Avenue introduced iconic textile designs of the 20th century as they were projected onto the street that the public were strolling along. The patterns from Hull to Västra Götaland in Sweden and from the mid century to present day carry stories and references woven and printed into their designs. The soundscape augmented the stimulating themes of international exchange, migration and shared maritime culture that were embodied in the awesome tapestry that extended across the stretch of Parliament Street.
I found it so interesting to witness the variety of patterns in the projecting tapestry that would change every so often. All of them were vibrant in colour and complicated and intricate in their design. My favourite pattern would have to be the almost lurid red background with red roses and green leaves surrounding them and stark yellow corn. I thought it was a really cool and unique pattern in that it featured corn as it’s definitely not something that you’ll see every day!
Lost Paradise was projected onto a tipi tent (inspired by Scandinavian nomadic tents) in Queens Gardens and it told the story of where our shared Northern culture began, back when the North Sea was dry land. This was well before the time of the Vikings. It explained stories of paradise that was lost as the sea levels rose to form the coastline we are familiar with today. Lost Paradise featured voices from Hull alongside storytellers from Finland, Denmark, Sweden and England. There was the combination of spoken word, music and projected visuals in this light installation and even some ships of dreams designed by some of the public made an appearance.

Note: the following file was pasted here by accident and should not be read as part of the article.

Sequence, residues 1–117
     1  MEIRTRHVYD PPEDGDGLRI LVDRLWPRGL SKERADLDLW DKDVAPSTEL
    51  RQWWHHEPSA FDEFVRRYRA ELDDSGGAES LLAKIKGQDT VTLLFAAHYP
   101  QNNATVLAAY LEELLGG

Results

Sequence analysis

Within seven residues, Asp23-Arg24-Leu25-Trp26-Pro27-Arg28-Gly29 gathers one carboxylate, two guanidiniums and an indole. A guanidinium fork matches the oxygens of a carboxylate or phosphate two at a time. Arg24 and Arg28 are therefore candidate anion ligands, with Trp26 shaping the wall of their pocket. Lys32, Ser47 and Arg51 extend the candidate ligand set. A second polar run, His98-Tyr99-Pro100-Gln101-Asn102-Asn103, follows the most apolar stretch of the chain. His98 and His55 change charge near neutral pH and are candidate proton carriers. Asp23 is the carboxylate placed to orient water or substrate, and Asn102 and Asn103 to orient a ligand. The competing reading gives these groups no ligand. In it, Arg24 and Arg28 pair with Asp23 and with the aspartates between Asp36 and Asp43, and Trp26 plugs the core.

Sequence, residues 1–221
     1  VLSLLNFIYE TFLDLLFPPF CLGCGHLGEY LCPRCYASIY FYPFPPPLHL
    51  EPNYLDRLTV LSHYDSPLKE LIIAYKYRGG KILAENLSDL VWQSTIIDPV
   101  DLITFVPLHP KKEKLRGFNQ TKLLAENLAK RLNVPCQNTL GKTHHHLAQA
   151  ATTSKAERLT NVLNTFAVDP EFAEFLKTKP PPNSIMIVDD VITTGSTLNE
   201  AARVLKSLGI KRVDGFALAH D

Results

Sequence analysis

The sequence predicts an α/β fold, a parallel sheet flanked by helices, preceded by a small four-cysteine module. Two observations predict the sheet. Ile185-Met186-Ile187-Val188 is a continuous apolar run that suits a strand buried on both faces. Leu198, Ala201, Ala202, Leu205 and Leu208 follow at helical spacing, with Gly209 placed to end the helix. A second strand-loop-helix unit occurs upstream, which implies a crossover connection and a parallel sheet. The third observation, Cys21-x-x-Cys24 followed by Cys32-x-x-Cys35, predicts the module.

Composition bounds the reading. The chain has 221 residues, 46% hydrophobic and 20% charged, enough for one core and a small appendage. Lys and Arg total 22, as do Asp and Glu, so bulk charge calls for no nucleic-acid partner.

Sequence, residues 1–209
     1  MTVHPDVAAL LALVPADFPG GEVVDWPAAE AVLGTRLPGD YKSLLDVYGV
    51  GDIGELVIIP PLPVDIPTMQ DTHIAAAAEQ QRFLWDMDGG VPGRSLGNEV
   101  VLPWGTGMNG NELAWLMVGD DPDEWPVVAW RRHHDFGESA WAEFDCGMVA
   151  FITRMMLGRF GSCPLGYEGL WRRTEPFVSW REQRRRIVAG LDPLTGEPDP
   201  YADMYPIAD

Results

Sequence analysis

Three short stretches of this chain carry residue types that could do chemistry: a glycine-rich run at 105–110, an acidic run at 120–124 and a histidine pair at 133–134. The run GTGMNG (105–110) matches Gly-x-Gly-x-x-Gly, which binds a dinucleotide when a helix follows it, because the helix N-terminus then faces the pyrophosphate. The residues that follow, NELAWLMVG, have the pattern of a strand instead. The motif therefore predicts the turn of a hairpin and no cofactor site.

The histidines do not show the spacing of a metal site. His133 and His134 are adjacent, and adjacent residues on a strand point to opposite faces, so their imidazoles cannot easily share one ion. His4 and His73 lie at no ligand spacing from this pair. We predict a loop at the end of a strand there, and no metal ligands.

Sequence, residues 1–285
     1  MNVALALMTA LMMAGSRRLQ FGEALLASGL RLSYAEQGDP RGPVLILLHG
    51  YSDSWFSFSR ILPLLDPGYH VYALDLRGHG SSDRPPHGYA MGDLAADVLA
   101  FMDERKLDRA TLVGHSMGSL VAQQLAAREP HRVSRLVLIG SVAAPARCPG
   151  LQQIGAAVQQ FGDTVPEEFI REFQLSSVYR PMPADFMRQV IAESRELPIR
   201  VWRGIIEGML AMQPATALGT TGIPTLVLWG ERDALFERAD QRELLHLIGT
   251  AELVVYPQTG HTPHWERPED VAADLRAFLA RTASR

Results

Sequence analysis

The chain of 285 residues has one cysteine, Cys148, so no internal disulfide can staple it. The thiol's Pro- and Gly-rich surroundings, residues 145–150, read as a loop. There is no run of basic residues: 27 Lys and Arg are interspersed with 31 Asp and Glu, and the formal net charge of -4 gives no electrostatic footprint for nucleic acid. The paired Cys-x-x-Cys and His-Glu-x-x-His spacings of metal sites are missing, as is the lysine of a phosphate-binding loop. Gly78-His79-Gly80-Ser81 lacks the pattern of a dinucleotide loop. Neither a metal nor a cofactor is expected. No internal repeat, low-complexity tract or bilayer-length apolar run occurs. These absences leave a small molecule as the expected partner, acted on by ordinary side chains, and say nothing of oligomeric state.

This installation was unique in its storytelling aspect but also it’s promotion of the idea of a lost paradise. I love the link this installation has with Hull’s connections to countries across the North Sea and I think the Scandinavian nomadic inspired tent added a real element of individuality to this installation. There was a circle of objects on fire which directly linked to the story and the idea of the ice melting because of heat so I appreciated the visual. However, I would say that out of all the installations, while I did enjoy it, I found it the hardest to follow and understand.
OH THE NIGHT!
I’ve saved my favourite for last! Oh the night! was projected onto a building across from the Rose Bowl Fountain. It starred an old bear and imagined the ultimate children’s bedtime story with the characters of 3 children, a fox, an owl and a seahorse. Each of them had separate problems but after travelling on a journey with each other, all their problems were solved in the end. It explored the ritual of bedtime stories, particularly for young children and it featured an original soundtrack by Finnish composer, Lau Nau, and a live chorus of people from Hull.
I absolutely loved this light installation. It was magical to journey through a story taken straight from our childhood imagination and to experience the story along with the various different characters. My favourite part of the story was when one of the little boys broke stereotypes that he couldn’t play with the old bear. I think it teaches a valuable lesson about including people no matter who they are in this world with a modicum of goodness. I honestly can’t extol it enough or describe just how amazing it was!
So overall, I really enjoyed this event! I loved that it had links to the connections Hull has to countries across the North Sea and I thought it was great that each of the light installations were so unique from each other. To compare any of them would be like comparing apples and oranges!
Thank you for reading this post! Which installation do you think you’d have enjoyed the best? Let me know in the comments! There’ll be another post out soon but until then bye for now!
Amelia Grace a.k.a Amelia in Hull